Mode CafÃ©. Hilda sets up in the middle of the lunch tables and begins to count down from ten. Before she even gets to one, a staffer comes up and says, "Ten pounds? Is that, like, for real?" and they're off. They sell a lot of Herbalux. Like a Girl Scout selling cookies at fat camp. Great, now I want some cookies. We get a gleeful Montage of The Glory of Diet Pills, which ends with a thud when Wil storms in and puts a stop to all the glee. Betty tries to explain what they're up to, but Wil just tells her she's broken a whole boatload of rules. Hilda leaps in at this, and tries to parrot all of Leah's Impressive Statutes, but can't quite recreate her effectiveness. Finally, she just ends with a defiant, "the constitution says, 'freedom of assembly!'" Wil sniffs. "How cute. Caeser Chavez in a push up bra. This is private property, sweetheart. Pack up your stuff and get out," she says, and asks Betty to join her in her office.
Salma's at the GYM, working on one of the Pilates machines. Her assistant says, "Candace Bushnell wants to pitch you a story on power women in Manhattan." Salma says, "Tell her to call when she gets an original idea." MEE-OW. And yet, yes. Enter Daniel. Salma, it appears, has sent his peace offering back. "It's very generic, Daniel. It's the kind of gift you give to the girl you just bagged, or the one you want to bag," Salma explains, somewhat woodenly. Daniel feigns offense at this. "You clearly have the wrong impression of me," he says. And she does, except for the part where he already gave the exact same necklace to Salma's assistant, whom he didn't even remember sleeping with. "I thought I recognized you," Daniel offers weakly. He needs to just start telling people that, although he doesn't like to talk about it, he's actually legally blind.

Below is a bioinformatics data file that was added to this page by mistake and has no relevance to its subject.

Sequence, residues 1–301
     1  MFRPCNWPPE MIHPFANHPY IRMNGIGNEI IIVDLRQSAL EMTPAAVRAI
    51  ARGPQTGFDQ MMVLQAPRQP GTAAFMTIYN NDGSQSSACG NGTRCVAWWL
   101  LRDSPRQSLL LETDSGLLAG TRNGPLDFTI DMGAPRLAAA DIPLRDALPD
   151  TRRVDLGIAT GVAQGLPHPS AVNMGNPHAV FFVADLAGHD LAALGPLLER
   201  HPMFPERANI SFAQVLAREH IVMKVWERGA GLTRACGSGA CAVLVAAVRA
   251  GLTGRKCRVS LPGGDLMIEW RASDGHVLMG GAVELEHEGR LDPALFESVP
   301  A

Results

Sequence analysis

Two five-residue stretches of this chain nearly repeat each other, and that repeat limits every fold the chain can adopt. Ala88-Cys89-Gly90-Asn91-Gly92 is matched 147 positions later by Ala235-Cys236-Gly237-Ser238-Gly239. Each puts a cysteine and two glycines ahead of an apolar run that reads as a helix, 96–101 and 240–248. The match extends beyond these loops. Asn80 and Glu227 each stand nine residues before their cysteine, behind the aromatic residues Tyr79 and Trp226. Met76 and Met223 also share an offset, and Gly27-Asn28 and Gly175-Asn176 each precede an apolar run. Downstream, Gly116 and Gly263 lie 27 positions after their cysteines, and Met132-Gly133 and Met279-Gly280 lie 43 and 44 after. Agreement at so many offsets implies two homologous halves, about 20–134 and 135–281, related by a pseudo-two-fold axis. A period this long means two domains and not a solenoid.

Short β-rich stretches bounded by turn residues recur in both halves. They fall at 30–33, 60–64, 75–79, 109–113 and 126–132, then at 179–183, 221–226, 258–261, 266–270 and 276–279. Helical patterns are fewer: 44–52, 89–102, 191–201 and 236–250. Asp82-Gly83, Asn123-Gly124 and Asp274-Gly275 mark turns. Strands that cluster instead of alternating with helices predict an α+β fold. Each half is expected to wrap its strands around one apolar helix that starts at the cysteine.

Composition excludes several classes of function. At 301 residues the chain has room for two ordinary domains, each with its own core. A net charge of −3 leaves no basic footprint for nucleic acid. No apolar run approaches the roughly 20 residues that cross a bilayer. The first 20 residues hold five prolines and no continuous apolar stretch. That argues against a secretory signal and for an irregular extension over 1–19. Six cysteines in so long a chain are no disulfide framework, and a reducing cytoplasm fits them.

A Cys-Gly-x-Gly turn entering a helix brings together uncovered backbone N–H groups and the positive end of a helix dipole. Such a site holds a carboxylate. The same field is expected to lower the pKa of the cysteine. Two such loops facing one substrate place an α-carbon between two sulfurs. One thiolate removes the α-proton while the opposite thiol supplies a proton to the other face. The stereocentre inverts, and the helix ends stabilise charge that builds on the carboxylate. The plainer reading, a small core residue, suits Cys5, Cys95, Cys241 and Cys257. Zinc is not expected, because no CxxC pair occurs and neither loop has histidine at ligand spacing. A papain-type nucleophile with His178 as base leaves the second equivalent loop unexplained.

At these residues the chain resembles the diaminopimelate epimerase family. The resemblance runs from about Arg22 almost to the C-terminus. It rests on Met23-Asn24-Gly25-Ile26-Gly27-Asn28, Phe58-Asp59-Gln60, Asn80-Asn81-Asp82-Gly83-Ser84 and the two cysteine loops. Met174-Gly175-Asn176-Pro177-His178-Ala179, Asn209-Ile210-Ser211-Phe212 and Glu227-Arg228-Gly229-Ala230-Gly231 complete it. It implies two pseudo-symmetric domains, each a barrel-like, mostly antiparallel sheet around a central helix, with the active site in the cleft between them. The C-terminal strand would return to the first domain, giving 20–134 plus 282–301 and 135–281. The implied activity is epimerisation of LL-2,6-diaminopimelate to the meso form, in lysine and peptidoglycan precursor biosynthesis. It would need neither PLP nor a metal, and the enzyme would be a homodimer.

While Daniel is failing to best Salma yet again, Wil is telling Betty that they're a family at Mode, and that family sticks together. Does she know Rodrigo, in Style? Betty does, saying that he has "great taste." Wil agrees. "But you wouldn't know that if an anonymous donor hadn't paid his way through design school," she says, further explaining that the strongest people are the ones who ask for help. Betty hesitantly explains that her Dad has some legal issues, and they need twenty grand for the lawyer. At this, of course, Wil just writes a check and hands it to her. "What do you want in return?" Betty asks, fearfully. "Is that something you ask family?" Wil asks, and smiles.